U.N.-backed regulator Council of the International Seabed Authority ruled out any immediate permission for deep-sea mining to begin after a meeting in Jamaica ended without agreement on how to regulate the industry, reported Reuters.
“What seems crystal clear is that the majority of states feel very uneasy about a license being granted before the regulations are in place, enough scientific research is done, and the effective protection of the marine environment can be ensured,” said Jessica Battle, ocean expert at the Worldwide Fund for Nature, in August.
At the heart of the debate, Reuters noted, is a loophole known as the “two-year rule” that states the council must “consider and provisionally approve” applications two years after they are submitted, whether it finalized regulations or not.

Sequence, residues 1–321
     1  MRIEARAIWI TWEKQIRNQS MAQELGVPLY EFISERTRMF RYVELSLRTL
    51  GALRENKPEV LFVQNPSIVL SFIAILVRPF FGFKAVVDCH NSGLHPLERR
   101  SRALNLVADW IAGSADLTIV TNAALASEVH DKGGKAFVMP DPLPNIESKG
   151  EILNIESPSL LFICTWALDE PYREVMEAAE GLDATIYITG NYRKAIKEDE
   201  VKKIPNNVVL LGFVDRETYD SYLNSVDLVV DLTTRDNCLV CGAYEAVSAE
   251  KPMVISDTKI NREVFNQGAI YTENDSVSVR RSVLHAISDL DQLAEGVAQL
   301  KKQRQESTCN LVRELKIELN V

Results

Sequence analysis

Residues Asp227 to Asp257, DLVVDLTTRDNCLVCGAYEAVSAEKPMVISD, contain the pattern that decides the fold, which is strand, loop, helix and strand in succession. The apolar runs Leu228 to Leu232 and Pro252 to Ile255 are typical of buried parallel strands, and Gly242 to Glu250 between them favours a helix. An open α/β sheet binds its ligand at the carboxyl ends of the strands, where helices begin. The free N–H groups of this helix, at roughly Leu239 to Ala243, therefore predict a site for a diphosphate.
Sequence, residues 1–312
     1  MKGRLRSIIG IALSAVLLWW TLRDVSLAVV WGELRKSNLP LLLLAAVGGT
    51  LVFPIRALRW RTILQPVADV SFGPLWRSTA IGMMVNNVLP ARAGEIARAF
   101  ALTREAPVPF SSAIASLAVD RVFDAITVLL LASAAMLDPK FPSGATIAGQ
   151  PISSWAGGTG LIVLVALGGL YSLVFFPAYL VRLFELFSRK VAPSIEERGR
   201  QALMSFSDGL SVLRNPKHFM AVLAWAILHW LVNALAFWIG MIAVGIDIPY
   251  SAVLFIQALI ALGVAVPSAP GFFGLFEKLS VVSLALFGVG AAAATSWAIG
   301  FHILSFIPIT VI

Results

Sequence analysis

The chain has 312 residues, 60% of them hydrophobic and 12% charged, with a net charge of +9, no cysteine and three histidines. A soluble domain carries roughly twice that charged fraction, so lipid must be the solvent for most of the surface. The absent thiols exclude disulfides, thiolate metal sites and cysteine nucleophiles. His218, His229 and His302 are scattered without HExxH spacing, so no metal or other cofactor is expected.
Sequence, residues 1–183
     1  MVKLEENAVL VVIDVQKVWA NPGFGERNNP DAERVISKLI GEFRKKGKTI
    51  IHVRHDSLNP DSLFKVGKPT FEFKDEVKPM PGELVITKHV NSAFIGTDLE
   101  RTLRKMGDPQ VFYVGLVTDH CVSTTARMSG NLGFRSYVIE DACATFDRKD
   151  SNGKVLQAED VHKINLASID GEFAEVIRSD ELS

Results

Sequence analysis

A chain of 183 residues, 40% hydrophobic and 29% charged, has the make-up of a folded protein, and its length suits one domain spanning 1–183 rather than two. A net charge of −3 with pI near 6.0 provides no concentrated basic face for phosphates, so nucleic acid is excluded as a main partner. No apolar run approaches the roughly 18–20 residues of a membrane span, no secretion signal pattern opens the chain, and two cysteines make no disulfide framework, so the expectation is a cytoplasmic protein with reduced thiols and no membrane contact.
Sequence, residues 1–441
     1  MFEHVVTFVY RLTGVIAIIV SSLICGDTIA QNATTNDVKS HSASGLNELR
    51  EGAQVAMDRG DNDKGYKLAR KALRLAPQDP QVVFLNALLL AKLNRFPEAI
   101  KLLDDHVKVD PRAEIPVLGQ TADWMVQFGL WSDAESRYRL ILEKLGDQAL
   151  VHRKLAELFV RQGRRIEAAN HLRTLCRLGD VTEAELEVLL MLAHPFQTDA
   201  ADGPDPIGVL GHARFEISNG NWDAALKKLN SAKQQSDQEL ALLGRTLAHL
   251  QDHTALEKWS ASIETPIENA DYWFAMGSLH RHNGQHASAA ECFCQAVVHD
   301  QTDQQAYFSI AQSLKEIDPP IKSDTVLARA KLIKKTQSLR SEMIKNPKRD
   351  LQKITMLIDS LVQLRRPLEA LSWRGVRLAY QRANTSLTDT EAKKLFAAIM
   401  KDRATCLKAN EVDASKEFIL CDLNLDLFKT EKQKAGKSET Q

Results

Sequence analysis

The Pacific island of Nauru triggered the rule in July 2021 on behalf of a subsidiary of Canadian-based The Metals Company. However, the International Seabed Authority said that it has not received any applications to start mining yet. If it receives an application for a “plan of work” before it finishes setting up regulations, the council said it would prioritize making a decision on how the two-year rule should be applied at its next meeting.
“It is now a question of when – rather than if – commercial-scale nodule collection will begin,” said The Metals Company Chairman and CEO Gerard Barron.
“I believe the finish line is now within sight and we look forward to the consolidated regulatory text at the next meeting in November 2023.”